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My Recent Comments
@samkat I think there is a misconception here on the doctrine of Baptism for the Dead. The key word here is "for". Baptism for the Dead.. not Baptism of the Dead.
In life.. when one is baptized.. they normally choose it. All except those who baptize babies.. they have no choice. Baptism by proxy for the dead is offering those who have died, an opportunity to accept the baptism if they so choose to. Since you believe that you could NEVER change your mind.. neither in this life nor the next.. one must still ask the question.. what if you do?
Once you are dead.. if you were to accept the gospel of Jesus Christ.. and baptism being one of the requirements.. you could not be baptized. Therefore.. a way must be provided for one who is dead.. to either accept or reject a baptism that was done for them. Just because a person is baptized by proxy does not mean that the ordinance done is forced upon them. They must choose to accept it.. or it has no meaning. Just as if I currently baptized someone else in your name.. does that mean you are forced to accept the baptism I preformed? Certainly not! And so it is with those who it is being done for who have crossed to the other side. In the end.. they must chose.. yes they accept it.. or no.. no thank you. The choice is always theirs.Dec 24, 2011
The Bible says this.. the Bible says that. Does the Bible speak of the "Trinity" as described in Nicaean Creed?
It is well known that in the year a.d. 325 the Roman emperor Constantine (not even a Christian) convened the Council of Nicaea to address.. among other things... the growing issue of God’s alleged “trinity in unity.” What emerged from the heated contentions of churchmen, philosophers, and ecclesiastical dignitaries came to be known (after another 125 years and three more major councils) as the Nicene Creed, with later reformulations such as the Athanasian Creed. These various evolutions and iterations of creeds—and others to come over the centuries—declared the Father, Son, and Holy Ghost to be abstract, absolute, transcendent, imminent, con-substantial, co-eternal, and unknowable, without body, parts, or passions and dwelling outside space and time. In such creeds all three members are separate persons, but they are a single being, the oft-noted “mystery of the trinity.” They are three distinct persons, yet not three Gods but one. All three persons are incomprehensible, yet it is one God who is incomprehensible.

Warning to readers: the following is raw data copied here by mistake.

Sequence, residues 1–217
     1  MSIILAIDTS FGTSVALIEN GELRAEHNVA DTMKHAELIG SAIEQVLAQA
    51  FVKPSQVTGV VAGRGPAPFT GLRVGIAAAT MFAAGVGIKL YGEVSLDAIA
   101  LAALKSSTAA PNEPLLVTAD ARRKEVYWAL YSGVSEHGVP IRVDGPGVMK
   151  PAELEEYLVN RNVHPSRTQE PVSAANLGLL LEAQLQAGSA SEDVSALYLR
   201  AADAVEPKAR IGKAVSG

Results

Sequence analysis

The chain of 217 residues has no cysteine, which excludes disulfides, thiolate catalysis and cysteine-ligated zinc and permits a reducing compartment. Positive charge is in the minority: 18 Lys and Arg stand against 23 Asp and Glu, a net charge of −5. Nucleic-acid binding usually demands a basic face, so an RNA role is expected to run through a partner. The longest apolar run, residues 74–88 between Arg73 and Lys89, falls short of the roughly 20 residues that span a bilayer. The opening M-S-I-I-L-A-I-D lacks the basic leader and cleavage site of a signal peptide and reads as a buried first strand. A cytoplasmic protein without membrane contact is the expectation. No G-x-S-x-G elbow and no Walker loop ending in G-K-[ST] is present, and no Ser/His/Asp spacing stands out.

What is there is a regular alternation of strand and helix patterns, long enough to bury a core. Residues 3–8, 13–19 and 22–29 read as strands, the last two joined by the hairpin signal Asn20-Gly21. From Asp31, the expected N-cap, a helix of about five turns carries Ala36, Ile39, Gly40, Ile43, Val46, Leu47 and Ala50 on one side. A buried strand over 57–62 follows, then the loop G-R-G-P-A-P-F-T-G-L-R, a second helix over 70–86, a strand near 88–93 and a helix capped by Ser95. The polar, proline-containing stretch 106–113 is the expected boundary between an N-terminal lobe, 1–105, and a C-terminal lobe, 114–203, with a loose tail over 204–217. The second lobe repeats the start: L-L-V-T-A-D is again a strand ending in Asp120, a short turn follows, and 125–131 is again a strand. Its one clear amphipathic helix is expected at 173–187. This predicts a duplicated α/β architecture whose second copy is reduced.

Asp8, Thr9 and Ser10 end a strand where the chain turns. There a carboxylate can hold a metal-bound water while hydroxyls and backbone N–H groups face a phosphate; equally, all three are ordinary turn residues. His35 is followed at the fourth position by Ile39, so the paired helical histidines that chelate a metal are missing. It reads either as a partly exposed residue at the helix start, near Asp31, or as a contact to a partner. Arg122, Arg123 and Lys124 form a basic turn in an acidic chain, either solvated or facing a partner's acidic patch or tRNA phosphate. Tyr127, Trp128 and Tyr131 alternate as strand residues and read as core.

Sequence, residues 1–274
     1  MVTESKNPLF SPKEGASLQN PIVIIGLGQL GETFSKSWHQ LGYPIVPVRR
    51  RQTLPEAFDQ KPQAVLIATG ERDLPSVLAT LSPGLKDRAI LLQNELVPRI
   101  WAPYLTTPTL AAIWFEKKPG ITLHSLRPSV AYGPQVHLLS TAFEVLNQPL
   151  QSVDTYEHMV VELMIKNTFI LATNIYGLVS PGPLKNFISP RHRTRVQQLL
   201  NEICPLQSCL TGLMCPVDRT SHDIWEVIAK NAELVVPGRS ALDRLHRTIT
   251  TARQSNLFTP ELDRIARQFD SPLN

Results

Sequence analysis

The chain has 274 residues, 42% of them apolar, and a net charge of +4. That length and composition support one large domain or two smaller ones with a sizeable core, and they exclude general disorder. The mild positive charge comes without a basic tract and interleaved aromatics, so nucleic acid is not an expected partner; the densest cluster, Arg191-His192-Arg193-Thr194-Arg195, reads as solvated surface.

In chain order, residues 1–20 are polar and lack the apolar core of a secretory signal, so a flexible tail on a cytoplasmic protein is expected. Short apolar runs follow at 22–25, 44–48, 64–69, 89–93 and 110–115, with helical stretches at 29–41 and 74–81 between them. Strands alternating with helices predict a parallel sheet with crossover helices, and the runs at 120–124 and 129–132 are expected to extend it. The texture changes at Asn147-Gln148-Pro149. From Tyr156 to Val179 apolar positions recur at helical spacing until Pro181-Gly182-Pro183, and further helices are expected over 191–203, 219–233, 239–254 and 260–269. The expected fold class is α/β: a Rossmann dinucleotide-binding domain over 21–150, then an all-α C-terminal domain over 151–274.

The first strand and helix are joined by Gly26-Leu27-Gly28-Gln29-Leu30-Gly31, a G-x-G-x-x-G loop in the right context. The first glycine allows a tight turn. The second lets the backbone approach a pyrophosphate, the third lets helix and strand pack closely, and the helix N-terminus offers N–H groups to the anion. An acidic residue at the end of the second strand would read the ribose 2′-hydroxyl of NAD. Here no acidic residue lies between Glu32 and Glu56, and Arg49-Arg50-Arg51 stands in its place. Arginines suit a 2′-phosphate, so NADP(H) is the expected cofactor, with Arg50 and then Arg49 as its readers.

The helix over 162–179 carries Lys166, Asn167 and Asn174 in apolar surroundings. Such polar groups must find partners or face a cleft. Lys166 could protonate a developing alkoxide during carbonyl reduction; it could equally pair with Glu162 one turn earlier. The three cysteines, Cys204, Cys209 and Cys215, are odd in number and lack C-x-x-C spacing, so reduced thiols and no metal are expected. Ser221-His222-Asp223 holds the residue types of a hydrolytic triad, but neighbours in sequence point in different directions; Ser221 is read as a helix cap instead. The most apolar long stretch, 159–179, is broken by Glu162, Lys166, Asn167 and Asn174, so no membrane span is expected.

I would have to agree with the part that the Christian God as defined in their creeds is certainly incomprehensible!!
If Christians can agree on what is God by their creeds and the many meetings and votings it took to describe a God that is NOT in the Bible.. then why should members of The Church of Jesus Christ not be allowed to describe God based on revelations received by a prophet of God?
Who is to say that the current revelation received is wrong? The creed believing Christians?Dec 24, 2011